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Sasko Lazarov

Banking review to assess mortgage pricing, savings rates and bankers' pay

The review will also assess submissions on the salary cap for bankers.

THE MORTGAGE PRICING, savings accounts and credit that is available to customers in Ireland will be reviewed under the new government review of the Irish retail banking sector. 

Announcing the terms of reference of the review today, Finance Minister Paschal Donohoe said his department is to conduct a broad-ranging review and will report back by November 2022.

Speaking today, Donohoe said NatWest’s announcement that it is going to undertake a phased withdrawal from the Irish market, as well as KBC’s announcement that it is undertaking a number of transactions that will, if completed, lead to its withdrawal from the Irish market feed into the decision for the review at this time. 

Bank of Ireland’s decision to close over a third of its branch network, as well as the banking sector has undergoing a period of significant change over the last decade in terms of technology, Covid-19 and Brexit have further accelerated the rate of change, he said. 

The review will look at the current retail banking landscape and likely market trends over the next decade. It will also deal with competition, consumer protection and consumer choice, as well as options for the mortgage market.

This review is separate to the mortgage lending review being carried out by the Central Bank. 

Services provided by both banks and non-banks will also be assessed, with the minister stating that the latter are becoming increasingly more active in the provision of SME credit and, more recently, in the mortgages market.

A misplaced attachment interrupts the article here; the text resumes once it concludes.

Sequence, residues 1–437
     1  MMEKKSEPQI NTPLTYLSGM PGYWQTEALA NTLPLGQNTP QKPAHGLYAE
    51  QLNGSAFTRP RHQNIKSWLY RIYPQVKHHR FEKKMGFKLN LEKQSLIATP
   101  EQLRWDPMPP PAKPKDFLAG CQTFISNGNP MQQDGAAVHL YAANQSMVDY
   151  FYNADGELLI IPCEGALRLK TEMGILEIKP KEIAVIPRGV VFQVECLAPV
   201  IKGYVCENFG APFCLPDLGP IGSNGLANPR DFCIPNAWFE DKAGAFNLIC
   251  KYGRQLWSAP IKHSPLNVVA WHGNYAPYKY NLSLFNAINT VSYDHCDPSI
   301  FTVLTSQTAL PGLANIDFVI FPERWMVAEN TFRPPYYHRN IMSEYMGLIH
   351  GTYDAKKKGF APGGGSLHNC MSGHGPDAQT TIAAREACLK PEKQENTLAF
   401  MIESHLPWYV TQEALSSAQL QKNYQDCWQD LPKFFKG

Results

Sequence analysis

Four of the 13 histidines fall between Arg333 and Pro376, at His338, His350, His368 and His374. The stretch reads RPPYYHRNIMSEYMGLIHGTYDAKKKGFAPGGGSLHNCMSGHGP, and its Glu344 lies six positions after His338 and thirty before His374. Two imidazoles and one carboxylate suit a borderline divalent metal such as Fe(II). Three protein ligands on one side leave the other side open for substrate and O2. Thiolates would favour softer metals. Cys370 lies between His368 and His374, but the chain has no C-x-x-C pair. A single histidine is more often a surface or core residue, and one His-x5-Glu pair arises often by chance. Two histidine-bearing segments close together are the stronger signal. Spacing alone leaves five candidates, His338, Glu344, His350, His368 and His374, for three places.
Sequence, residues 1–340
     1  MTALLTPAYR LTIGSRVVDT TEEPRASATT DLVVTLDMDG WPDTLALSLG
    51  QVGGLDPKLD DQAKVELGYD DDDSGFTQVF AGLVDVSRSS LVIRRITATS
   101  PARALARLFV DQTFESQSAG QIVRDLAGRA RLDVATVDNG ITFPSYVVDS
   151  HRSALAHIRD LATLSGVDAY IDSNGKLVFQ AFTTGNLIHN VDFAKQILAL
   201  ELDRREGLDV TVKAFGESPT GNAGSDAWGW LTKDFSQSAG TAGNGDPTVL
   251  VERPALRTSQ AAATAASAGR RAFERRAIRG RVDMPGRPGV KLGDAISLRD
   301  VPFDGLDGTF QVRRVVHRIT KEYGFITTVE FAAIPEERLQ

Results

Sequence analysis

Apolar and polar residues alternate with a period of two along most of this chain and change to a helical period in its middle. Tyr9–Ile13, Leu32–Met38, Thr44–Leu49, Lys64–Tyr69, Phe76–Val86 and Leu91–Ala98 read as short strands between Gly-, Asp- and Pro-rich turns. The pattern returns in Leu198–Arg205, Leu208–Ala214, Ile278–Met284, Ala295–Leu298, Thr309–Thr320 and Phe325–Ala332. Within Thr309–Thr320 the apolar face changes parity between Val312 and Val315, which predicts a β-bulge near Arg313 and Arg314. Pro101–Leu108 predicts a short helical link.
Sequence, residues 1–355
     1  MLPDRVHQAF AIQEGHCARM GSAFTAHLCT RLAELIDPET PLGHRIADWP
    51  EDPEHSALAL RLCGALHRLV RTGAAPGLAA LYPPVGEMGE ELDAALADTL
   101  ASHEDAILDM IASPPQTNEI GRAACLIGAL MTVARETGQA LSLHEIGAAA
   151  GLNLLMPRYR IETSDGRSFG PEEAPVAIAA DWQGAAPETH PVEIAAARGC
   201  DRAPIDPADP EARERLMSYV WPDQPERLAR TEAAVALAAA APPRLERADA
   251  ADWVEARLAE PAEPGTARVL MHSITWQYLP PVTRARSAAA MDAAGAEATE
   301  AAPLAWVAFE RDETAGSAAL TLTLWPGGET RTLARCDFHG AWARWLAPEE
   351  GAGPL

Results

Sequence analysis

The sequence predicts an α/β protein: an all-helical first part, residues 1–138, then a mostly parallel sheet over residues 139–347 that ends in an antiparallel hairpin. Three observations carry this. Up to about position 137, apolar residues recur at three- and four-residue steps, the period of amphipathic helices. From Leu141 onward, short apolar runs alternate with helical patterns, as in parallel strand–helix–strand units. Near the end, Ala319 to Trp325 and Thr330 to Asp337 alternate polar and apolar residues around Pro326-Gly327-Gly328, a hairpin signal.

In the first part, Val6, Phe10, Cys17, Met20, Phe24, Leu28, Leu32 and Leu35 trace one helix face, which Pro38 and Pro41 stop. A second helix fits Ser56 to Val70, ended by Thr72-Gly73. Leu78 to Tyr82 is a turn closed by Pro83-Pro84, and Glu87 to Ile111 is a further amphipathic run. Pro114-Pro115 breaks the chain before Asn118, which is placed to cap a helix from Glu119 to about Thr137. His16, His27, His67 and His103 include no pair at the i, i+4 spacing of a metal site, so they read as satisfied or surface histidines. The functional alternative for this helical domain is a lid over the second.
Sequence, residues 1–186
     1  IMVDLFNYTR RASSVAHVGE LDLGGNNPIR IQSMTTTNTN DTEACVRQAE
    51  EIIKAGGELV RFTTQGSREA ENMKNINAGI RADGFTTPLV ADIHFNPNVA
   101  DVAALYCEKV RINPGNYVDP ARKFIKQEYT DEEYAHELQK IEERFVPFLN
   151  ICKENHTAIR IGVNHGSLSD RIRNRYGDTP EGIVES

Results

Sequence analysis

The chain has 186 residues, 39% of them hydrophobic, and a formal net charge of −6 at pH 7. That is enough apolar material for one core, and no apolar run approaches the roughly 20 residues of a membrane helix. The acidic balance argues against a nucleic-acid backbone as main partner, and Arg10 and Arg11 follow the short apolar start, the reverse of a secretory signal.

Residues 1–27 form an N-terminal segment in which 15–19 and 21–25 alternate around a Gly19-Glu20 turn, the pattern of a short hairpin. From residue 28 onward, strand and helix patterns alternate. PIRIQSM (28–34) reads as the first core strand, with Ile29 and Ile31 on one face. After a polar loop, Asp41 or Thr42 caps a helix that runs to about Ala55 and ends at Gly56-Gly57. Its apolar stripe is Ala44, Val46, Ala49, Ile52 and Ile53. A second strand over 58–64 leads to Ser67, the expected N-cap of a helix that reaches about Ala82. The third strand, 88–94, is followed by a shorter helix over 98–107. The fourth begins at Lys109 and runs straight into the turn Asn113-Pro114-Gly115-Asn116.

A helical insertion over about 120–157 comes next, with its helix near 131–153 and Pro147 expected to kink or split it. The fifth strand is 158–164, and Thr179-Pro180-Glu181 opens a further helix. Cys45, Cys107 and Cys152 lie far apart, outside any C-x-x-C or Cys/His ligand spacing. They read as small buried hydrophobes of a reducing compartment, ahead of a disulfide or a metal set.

Community banking

Donohoe told The Journal that he “looks forward” to hearing the views of those that are advocating for a community banking system.

The 2019 Indecon report on banking found that there was no business case to be made to establish a public banking system in Ireland. 

The report said there was no economic case for a State-owned banking network, despite some areas of market failure.

It noted that there was an extensive offering to customers with credit unions, An Post, as well as a number of commercial banking providers in the market.

However, two years on, the Irish market landscape has changed somewhat. 

Donohoe acknowledged that representatives from Germany’s Sparkasse public banking sector, who presented the model to Irish politicians in an Oireachtas Finance Committee in 2017, have been advocating for a similar system  in Ireland for some time. 

“All of these things will be assessed as part of the review,” said Donohoe, whoa added that the government would be guided by the review. 

Bankers’ pay

In terms of bankers’ pay, the banking review is going to examine the €500,000 salary cap for bankers employed in the banks that were bailed out by the State.

This will fall under the review of “operational issues arising from the difficulties with staff recruitment and retention”. 

Donohoe said “there are no plans for change” in relation to the remuneration policy, but said he accepted that banks will make submissions on the policy in place here, and they will be assessed as part of this review.


John O’Connell, General Secretary of the Financial Services Union, has welcomed the publication by the Department of Finance of the terms of reference for the review, stating that it is important that the review is inclusive of different voices and is transparent in its nature.

Donohoe says he expects to hear from all stakeholders, including An Post and the credit unions. He said a public consultation will also form part of this review.  

Brian Hayes, Chief Executive of the Banking Federation of Ireland, said:

“What’s needed at this stage is an honest discussion on the challenges and opportunities that banking in Ireland faces. We see this Review as an opportunity to focus on the future and to learn from the past. Banking in Ireland today is entirely different to banking in Ireland a decade ago.”

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